Dinko Telećan was born in 1974 in Zagreb, Croatia. In 1999, he graduated in philosophy and English language and literature from the University of Zagreb. During the past two decades he has been writing poetry, prose, and essays as well as translating from English and Spanish as a freelance translator and works as an editor in literary publishing and on the Third Programme of the Croatian Radio.
Dinko has won various awards for his translations and essays, among them the annual award of the Croatian Literary Translators' Association for the translation of J. G. Frazer's Golden Bough in 2002 and for Robert Graves’ Poems Selected by Himself in 2014, as well as the award for the best non-fiction translation at the Sarajevo Literary Fair in 2006 for the translation of Slavoj Žižek's The Ticklish Subject. He won the European Prize for Poetry at the Festival of Poetry in Curtea de Argeş, Romania, in 2013. His novel Deserter won the 2014 Krunoslav Sukić Book of the Year Award. The Sukić award is dedicated to pacifism, non-violence and human rights. At the Writers' Festival in Trivandrum in 2014, Dinko was awarded the Sahitya Shree Honorary Award for his contribution in the field of literature.
Selections from his work have been translated into Catalan, English, Galician, German, Greek, Hungarian, Macedonian, Romanian, Slovakian, Slovenian, and Spanish.
Published books. Poetry: Kreševa/Clashes, (Igitur, 1997), Vrtovi & Crvena mijena/Gardens & Red Phase, poetry, (AGM, 2003) Iza/Beyond (AGM, 2005), Plast igala/Needlestack (Hrvatsko društvo pisaca, 2011), Metaphysical study: Sloboda i vrijeme/Freedom and Time (PUBLISHER, 2003), Travel books: Lotos, prah i mak/Lotus, Dust and Poppy (Jesenski i Turk, 2008) and Azijska suita/Asian Suite (Sandorf, 2015), Essays: Pustinja i drugi ne-vremeni ogledi/The Desert (Sysprint, 2009), Novel: Dezerter/Deserter (Algoritam, 2013).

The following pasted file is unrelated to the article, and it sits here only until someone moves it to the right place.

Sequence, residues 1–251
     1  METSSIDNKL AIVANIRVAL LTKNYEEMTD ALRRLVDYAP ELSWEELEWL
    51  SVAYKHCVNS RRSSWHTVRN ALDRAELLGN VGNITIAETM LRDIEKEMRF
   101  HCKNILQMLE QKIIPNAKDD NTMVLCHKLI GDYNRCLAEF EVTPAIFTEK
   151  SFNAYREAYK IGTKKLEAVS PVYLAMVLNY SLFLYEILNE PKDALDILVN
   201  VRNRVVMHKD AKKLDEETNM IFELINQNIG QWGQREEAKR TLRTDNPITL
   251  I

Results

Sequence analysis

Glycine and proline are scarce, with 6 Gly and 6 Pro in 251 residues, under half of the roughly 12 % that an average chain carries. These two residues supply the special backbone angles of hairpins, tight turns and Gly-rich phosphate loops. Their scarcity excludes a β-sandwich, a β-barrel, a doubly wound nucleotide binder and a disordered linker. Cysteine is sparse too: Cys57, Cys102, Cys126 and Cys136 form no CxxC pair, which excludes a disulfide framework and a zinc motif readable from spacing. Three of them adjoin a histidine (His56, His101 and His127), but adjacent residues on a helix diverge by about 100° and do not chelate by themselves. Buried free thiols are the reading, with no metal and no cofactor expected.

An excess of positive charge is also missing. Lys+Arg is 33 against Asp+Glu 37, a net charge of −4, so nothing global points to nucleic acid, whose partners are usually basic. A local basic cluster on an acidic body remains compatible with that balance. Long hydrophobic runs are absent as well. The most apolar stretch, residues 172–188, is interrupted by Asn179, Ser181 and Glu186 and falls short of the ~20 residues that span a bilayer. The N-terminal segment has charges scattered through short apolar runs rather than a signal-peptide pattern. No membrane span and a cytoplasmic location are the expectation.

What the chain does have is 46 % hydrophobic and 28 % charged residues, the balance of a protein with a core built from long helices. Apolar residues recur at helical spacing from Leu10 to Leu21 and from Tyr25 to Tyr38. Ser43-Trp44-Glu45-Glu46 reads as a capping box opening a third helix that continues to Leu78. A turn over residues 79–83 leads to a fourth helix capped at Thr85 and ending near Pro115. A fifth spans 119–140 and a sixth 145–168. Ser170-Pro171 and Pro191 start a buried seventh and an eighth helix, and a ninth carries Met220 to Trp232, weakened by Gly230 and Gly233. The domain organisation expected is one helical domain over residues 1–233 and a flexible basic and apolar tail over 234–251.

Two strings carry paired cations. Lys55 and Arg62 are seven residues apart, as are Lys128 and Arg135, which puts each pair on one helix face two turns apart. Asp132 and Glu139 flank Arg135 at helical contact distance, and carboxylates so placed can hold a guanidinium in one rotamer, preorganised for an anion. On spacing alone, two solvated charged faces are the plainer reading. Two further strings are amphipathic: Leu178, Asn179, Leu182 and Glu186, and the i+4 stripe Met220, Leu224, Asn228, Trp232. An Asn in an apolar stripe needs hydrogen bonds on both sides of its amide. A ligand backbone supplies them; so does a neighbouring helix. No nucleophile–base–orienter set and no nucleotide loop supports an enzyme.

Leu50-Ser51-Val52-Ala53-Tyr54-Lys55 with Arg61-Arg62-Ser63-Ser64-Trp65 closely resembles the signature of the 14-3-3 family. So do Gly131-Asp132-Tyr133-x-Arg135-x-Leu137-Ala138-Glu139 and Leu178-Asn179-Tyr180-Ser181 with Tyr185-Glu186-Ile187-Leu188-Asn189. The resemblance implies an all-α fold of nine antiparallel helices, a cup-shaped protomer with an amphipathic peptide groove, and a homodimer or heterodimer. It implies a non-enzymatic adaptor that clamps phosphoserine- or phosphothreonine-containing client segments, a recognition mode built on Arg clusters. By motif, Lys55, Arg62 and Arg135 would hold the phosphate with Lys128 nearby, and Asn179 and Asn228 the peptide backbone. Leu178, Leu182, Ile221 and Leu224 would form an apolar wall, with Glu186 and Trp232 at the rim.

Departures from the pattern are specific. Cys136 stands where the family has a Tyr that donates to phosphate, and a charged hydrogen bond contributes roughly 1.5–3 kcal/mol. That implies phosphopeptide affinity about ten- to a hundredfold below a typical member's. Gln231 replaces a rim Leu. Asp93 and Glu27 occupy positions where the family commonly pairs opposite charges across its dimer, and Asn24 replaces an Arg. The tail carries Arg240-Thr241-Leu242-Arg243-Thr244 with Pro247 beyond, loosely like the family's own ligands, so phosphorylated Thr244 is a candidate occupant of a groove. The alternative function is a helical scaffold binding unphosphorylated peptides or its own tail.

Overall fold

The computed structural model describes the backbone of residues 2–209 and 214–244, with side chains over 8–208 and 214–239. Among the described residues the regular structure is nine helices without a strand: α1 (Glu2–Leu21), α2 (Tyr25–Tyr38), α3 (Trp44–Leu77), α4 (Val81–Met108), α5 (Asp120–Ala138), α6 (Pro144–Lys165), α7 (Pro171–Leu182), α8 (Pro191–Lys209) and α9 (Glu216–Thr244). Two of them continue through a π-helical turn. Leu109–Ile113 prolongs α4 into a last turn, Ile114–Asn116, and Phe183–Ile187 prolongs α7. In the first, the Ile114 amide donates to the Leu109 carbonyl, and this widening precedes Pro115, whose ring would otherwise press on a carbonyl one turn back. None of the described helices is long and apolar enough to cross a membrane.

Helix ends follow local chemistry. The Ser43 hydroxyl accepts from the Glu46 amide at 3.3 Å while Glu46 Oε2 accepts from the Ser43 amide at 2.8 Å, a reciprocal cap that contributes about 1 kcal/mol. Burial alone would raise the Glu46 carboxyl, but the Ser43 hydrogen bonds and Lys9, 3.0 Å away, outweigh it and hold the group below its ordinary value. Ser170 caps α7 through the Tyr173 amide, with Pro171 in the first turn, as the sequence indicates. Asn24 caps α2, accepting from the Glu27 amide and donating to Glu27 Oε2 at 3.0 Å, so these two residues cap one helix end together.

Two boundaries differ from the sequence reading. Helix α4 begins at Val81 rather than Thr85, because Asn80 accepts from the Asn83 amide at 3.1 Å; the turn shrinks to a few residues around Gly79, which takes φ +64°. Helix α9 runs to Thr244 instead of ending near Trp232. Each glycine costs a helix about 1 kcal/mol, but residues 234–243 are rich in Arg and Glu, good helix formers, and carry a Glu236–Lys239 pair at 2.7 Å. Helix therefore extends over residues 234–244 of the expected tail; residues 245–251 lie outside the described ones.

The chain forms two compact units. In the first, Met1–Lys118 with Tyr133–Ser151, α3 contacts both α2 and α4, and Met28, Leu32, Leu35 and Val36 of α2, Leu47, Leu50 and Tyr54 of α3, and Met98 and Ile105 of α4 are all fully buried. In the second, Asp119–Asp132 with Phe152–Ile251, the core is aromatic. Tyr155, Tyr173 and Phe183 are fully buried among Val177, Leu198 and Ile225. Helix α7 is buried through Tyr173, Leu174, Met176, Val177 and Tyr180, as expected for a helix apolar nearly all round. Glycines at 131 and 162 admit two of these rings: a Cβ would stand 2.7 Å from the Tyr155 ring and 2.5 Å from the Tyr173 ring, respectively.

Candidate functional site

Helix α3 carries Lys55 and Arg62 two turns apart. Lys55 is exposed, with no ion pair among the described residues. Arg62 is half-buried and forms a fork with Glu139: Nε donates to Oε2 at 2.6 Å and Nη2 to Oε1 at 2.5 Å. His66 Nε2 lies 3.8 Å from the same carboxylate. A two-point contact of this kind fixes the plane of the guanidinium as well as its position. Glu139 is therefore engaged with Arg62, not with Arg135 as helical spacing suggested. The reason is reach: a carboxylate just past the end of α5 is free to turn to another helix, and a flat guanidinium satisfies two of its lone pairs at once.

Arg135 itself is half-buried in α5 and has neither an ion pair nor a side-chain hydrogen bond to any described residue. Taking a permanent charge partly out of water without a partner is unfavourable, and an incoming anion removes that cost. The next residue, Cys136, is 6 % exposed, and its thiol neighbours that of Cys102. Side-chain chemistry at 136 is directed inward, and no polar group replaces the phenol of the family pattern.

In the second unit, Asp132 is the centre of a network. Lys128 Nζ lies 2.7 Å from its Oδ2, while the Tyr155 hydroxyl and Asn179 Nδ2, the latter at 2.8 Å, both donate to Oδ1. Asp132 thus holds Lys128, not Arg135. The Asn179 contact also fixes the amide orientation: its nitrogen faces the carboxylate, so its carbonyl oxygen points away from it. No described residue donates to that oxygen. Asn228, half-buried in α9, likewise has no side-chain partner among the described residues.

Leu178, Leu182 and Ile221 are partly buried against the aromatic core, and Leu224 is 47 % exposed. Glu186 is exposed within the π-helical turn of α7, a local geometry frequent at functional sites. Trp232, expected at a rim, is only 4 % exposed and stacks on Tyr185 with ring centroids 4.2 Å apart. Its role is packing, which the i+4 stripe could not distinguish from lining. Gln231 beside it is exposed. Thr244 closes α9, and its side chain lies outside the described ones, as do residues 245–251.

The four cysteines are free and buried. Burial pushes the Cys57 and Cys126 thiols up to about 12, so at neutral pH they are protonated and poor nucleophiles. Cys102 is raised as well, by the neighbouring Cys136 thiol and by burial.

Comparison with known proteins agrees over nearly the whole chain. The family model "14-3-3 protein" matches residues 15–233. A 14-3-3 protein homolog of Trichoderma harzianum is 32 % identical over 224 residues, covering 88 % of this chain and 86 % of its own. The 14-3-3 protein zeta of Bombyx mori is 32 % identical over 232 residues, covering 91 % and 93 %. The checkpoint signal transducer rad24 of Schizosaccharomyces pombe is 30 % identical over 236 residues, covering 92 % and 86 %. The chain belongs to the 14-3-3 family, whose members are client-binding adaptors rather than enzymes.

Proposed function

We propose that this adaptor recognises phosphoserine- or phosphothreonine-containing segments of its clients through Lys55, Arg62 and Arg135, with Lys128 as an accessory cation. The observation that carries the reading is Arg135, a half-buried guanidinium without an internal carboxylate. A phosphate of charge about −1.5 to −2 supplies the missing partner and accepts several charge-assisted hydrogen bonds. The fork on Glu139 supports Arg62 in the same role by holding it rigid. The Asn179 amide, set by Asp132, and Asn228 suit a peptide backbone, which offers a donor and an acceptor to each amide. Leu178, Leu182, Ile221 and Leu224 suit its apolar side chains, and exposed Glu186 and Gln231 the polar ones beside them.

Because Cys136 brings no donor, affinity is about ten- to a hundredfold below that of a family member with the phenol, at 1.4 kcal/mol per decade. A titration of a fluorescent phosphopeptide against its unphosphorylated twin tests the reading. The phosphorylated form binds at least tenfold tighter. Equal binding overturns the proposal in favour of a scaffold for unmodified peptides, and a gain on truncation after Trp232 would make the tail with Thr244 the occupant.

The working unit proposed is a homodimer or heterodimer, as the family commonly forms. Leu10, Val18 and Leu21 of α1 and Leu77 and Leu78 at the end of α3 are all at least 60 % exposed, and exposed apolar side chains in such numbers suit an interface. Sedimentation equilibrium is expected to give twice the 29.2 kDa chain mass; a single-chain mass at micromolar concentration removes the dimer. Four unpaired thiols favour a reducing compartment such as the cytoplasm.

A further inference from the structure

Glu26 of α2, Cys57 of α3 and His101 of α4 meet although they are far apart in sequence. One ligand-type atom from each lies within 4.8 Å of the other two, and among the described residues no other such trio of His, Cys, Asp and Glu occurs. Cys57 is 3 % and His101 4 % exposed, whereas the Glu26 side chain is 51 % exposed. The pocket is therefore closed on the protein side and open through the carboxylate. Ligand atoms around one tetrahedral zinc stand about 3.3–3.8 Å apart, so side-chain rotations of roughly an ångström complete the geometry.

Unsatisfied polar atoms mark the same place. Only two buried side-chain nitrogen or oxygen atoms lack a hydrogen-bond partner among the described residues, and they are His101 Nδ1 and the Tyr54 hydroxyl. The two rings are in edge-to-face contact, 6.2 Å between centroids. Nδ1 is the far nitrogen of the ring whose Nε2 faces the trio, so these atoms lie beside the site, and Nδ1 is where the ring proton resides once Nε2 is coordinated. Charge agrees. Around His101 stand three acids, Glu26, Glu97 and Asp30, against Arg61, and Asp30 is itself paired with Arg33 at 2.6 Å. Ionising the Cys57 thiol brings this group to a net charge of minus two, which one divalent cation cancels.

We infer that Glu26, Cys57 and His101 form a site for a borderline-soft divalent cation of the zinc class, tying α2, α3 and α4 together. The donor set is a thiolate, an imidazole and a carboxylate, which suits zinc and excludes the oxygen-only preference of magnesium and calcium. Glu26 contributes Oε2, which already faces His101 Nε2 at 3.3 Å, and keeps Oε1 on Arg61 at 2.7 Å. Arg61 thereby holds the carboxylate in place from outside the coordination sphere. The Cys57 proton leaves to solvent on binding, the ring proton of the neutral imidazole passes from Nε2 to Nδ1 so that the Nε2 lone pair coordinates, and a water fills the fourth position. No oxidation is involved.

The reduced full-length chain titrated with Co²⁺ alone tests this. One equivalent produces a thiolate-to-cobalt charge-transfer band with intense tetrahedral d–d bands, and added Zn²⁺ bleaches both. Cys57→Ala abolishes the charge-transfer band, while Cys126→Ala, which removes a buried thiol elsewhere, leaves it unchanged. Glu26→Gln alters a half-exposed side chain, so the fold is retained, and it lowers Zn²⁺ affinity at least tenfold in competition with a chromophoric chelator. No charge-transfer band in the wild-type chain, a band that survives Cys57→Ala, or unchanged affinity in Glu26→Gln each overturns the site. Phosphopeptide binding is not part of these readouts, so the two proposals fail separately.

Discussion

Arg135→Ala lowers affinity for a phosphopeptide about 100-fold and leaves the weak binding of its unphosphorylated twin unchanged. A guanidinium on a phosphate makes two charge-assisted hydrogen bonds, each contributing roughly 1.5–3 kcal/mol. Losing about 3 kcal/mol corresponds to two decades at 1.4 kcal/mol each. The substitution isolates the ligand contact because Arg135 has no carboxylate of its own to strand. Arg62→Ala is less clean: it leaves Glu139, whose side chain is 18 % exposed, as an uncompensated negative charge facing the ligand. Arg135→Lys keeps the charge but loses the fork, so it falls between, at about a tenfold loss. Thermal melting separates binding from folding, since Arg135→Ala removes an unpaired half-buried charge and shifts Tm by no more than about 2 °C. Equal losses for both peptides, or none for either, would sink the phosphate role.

Anthologies. His poems in English were published in anthologies Poets' Paradise, The Fancy Realm and Poetic Bliss (Guntur, India, 2010–12).
Translations. More than sixty books including novels, poetry, scientific books, books of essays and lectures, including authors as various as J. G. Frazer, J. L. Borges, Kahlil Gibran, Richard Flanagan, Ernesto Sabato, Slavoj Žižek, H. D. Thoreau, Terry Eagleton, Stephen Greenblatt, Robert Graves, Julio Cortázar and Roberto Bolaño). Dinko also translates for radio and television programs.
What are your sources of inspiration?
Practically anything: things I see, people I meet, defeats I have to face, good red wine, and of course, books I read. Travels are particularly inspiring.
Describe your creative process.
It’s always different. In fact, I rarely have a daily writing routine, except in cases when I’m finishing a larger book, or when a period appears in which I don’t have too many obligations apart from writing. I write by night. Sometimes I polish what I’ve written for many days or weeks, sometimes I leave it alone and return to it after a long time to see if it’s worth showing to anyone.
Where do you write? Do you have any writing rituals?
Everywhere I can, but usually not in bed. No rituals, but I do prefer paper. Actually, I can’t imagine myself writing a poem, at least the first draft, on computer. It has to be paper and pen.
What are you reading now? Do you read literature that has been translated from other languages or just Croatian books?
I’m reading an early novel of Srđan Valjarević, an excellent Serbian writer, and Barthes’ A Lover’s Discourse: Fragments. Of course I read books translated from other languages, as well as books in other languages. I mean, I’m a translator.
What are you working on now?
As a translator, I’m working on The White Goddess by Robert Graves. As a writer, I’m trying to round up a book of poetry.
Do you have a favorite English writer?
Well, it would be difficult to pick out a single one. Let me just mention John Donne, G. M. Hopkins, Malcolm Lowry, T.S. Eliot. Shakespeare would be too obvious, wouldn’t he?
What books of Croatian writers or books should be available in English?
Poets like Tin Ujević or Nikola Šop, to name some of those who are already classics here. Or young and prolific writers like Ivan Vidić or Neven Ušumović.